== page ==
[MM Curator Summary]: Kansas has officially moved the MCO renewal effort past the next election cycle.
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The Kansas Senate approved language early Saturday morning to delay re-negotiation of $4 billion worth of contracts with private firms that serve as managed care organizations after a heated debate.
The move came hours after a member of the negotiation team hashing out an agreement on the bill claimed the provision was part of a “pay-to-play” corruption scandal involving members of the legislature and lobbyists, an accusation flatly denied by Republicans.
In a surreal speech, Rep. John Carmichael, D-Wichita, said he “has reason to believe that the federal authorities are already aware of the proposed legislation introduced today” based on “strong circumstantial evidence.”
He invoked a 2014 scandal where associates of then Gov. Sam Brownback were probed by the FBI in connection with the privatization of the state’s Medicaid program.
“If somebody can come to me and give me a legitimate and good reason that we ought to extend these contracts in a no-bid fashion, that there’s a logical and a good policy reason, I’ll feel a lot better about what we’re doing,” Carmichael said. “But in the absence of such an explanation, I have to conclude that we’re back to pay-for-play politics here.”
The comments quickly drew a rebuke from other legislators.
“In this particular setting and with these folks, I believe it was completely inappropriate to cast aspersions within this room,” said Rep. Bradley Ralph, R-Dodge City. “I took offense to it.”
House Speaker Ron Ryckman, R-Olathe, told reporters the accusations were baseless.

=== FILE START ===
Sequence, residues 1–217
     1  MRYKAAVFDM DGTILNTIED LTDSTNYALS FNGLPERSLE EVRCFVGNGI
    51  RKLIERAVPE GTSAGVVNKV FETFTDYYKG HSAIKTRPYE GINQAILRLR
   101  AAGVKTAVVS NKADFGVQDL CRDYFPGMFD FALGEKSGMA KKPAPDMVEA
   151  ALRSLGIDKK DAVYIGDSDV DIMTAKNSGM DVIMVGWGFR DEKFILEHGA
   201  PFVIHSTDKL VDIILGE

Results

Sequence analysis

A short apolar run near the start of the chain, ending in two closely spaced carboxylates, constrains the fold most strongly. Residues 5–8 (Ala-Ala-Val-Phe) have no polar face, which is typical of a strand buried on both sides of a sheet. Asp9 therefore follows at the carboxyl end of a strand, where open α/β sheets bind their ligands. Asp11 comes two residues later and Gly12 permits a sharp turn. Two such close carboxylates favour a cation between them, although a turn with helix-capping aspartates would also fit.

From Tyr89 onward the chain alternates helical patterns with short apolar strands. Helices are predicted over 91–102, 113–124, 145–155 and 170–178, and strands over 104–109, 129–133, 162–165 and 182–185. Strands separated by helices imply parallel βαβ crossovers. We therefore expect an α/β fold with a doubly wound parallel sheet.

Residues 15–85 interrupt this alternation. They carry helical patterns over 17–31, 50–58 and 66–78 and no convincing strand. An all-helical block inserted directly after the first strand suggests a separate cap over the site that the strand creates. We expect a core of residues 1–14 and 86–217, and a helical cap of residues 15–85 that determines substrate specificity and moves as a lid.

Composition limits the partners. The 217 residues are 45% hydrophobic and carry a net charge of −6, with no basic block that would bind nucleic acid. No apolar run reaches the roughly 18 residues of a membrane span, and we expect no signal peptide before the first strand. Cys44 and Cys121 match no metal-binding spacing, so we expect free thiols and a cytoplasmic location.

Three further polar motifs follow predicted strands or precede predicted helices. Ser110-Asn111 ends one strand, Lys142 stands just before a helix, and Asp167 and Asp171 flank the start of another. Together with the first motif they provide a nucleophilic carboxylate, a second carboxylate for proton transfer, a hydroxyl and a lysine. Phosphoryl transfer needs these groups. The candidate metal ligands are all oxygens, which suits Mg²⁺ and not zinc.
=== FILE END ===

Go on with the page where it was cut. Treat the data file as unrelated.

“Absolutely not,” Ryckman said when asked if Carmichael’s comments had merit. “I haven’t heard anything on the MCOs. Our reasons for that have been very clear.”
Carmichael doubled down on his comments when asked by reporters.
“There is no justification as a matter of policy as to why this is necessary,” he said.
Contracts to be renegotiated after 2022 election
The fiery back-and-forth underscored the controversy of the language, which was initially considered as a standalone bill before being added and then removed from the state budget. It eventually found a home in an unrelated bill as legislators negotiated a package of potential legislation.
The Kelly administration was set to launch a request-for-proposal for the three MCO contracts in the fall ahead of a 2023 deadline to select the new vendors. After Brownback ushered in privatization in 2013, a new round of contractors were selected under his successor, Gov. Jeff Colyer, in 2018.
Kansas currently has three MCOs: Aetna, Sunflower Health Plan and United Healthcare.
Now, the contracts won’t be renegotiated until after the November general election, when Kelly is set to stand for a second term, likely against GOP Attorney General Derek Schmidt.
Kelly has panned the idea as “absurd.”
“It’s political, you know,” she told reporters last week. “They want to tie my hands around Medicaid entirely.”
Schmidt became involved in the dispute in his role as attorney general after Democratic legislators asked for advice on whether lawmakers could interfere so directly with the procurement process.
In an opinion released Friday, Schmidt said the proposal was allowable but said he was unable to say whether the state could be sued over the move or even whether it would be approved by federal regulators.
“The Legislature may lawfully alter the procurement process for a state agency through new legislation,” Schmidt said. “This includes modifying, delaying or eliminating the competitive bid process and directing the (state agency) secretary in its management of the KanCare system.”
In a response, Kelly’s chief-of-staff Will Lawrence called Schmidt’s opinion “cavalier-at-best.”
But Ryckman said the move came about because legislators “are not pleased” with how Kelly’s administration has handled procurement for other major projects, notably a deal to modernize the state’s outdated unemployment backend system.
“The governor is trying to carve out a very important piece of the work the state does for its citizens for particular companies,” Ryckman said. “I want to make sure (companies), for-profit and not-for-profit, both have the opportunity to serve our citizens.”
Andrew Bahl is a senior statehouse reporter for the Topeka Capital-Journal. He can be reached at firstname.lastname@example.org or by phone at 443-979-6100.